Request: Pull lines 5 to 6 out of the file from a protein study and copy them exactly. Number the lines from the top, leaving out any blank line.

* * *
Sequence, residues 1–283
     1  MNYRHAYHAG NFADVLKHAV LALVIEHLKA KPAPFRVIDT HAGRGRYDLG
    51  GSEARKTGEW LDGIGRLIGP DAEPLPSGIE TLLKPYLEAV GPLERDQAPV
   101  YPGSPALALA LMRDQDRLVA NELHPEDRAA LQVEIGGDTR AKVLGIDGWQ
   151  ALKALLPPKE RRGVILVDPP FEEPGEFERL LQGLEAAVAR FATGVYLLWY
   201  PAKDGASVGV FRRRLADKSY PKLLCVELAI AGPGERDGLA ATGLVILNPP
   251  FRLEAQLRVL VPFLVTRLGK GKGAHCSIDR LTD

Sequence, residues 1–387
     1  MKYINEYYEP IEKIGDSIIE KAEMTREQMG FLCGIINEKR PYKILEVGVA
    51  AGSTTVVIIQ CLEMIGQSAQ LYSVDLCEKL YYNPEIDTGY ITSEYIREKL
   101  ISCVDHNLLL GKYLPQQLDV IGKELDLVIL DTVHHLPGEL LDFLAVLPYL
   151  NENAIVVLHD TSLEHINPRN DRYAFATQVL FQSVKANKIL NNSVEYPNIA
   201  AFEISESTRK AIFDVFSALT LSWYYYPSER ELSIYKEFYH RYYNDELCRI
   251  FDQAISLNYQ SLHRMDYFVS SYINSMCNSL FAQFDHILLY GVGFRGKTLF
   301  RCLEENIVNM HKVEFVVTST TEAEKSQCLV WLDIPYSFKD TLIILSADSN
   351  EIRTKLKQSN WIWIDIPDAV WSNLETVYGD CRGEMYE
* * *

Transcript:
   151  ALKALLPPKE RRGVILVDPP FEEPGEFERL LQGLEAAVAR FATGVYLLWY
   201  PAKDGASVGV FRRRLADKSY PKLLCVELAI AGPGERDGLA ATGLVILNPP